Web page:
Friday, March 28, 2008

(a)Time Is On My Side

When I'm developing and debugging, It helps me to know when files were read and commands were executed.

I take debugging advice from the Rolling Stones.

Linux, like Unix, gives you this information as a file's "atime" (access time). I do ls -ulrt several times a week -- often several times a day -- to find out what files were used most recently.

Think of "-u" as the "useful" flag.

Here's an example experiment:
$ echo hello > foo
$ sleep 120; cat foo; date; ls -l foo; ls -ul foo
$ sleep 120; cat foo; date; ls -l foo; ls -ul foo
Note that ls -l says when the file was created, but ls -ul matches the output of date.

Executing a command requires the system read it, so that, too, updates the command's atime.

I find things being used in a subtree like this:
$ touch /tmp/sentinel
# do some stuff
$ find . -anewer /tmp/sentinel
When I was trying to find out which files were read by kickstart, I just ran kickstart and did an ls -ulrt on my kickstart server ... and found out that Fedora-8 has broken atime.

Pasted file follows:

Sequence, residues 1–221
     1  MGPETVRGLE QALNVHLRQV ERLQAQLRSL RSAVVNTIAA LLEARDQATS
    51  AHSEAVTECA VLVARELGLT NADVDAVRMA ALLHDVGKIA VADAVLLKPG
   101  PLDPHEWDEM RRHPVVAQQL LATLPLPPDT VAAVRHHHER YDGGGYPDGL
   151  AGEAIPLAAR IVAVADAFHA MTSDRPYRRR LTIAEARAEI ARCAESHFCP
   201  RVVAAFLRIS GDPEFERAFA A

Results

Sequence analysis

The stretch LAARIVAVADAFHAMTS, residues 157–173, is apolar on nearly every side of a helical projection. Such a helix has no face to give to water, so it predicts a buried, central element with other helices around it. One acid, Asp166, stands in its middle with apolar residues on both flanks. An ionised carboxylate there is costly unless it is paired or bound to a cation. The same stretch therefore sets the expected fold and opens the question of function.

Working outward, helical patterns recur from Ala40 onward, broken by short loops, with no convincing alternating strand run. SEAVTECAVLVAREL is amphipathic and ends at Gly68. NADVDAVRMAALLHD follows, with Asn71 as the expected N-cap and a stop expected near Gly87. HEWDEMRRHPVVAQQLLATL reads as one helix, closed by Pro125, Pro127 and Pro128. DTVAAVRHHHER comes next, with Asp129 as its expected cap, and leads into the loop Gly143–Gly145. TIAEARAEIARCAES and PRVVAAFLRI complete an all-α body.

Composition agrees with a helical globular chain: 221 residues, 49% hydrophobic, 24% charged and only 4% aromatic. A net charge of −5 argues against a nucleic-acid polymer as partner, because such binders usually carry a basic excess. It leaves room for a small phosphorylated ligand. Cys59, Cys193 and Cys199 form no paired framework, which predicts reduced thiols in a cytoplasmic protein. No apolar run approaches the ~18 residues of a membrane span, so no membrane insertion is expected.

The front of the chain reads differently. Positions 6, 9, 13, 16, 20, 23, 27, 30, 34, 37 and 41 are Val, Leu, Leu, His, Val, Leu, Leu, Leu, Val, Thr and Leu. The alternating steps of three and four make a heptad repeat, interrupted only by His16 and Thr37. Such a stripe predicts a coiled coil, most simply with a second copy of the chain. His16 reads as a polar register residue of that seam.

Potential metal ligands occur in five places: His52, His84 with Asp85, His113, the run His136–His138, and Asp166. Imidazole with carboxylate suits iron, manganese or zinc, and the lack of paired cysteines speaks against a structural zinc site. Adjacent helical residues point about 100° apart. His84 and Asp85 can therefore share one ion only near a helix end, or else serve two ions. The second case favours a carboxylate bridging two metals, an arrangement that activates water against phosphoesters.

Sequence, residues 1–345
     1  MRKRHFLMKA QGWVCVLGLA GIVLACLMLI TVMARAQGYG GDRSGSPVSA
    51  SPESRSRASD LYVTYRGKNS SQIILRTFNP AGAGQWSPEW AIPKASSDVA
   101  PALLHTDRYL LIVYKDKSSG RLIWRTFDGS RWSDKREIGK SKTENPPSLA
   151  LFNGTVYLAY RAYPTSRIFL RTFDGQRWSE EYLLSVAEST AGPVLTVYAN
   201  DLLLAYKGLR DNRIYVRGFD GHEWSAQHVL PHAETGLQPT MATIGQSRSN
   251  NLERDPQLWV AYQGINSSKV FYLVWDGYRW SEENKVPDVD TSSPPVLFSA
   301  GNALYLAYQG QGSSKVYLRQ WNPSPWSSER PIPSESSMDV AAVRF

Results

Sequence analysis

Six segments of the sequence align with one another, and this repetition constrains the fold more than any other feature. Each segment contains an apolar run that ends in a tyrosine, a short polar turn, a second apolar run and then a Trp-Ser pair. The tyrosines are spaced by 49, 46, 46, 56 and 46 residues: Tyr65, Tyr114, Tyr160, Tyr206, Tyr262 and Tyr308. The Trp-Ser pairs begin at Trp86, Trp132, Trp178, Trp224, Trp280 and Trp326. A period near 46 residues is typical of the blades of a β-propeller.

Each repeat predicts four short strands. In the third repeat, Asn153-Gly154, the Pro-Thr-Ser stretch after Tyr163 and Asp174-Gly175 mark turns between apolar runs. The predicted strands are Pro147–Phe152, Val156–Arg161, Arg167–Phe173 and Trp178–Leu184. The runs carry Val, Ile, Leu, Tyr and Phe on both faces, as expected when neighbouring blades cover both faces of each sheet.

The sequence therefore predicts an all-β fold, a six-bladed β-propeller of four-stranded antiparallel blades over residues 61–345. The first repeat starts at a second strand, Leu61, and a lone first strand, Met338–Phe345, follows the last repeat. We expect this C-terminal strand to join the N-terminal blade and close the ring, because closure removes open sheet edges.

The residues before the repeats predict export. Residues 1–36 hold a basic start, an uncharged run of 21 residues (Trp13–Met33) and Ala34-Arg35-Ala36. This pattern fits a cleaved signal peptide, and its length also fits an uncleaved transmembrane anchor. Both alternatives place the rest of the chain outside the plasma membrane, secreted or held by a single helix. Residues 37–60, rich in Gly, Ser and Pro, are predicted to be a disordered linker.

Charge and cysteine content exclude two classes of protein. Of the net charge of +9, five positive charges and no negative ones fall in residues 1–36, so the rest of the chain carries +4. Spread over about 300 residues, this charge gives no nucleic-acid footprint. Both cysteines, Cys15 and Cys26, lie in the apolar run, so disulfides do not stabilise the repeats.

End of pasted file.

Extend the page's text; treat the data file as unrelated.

It's added a real-time hack, relatime (relative atime), in which the *first* ls -ul works, but later ones don't. This gives better performance on running systems, but takes away a traditional, and handy, debugging tool.


Reading documentation, Googling, and begging for help on the BLUG mailing list all failed. Finally, Kevin Fenzi cheerily gave me the solution:
$ sudo bash -c 'echo 0 > /proc/sys/fs/default_relatime'
$ sudo mount -o remount,atime /
Nice. Thanks Kevin.

How did Kevin figure it out? He read the kernel code.

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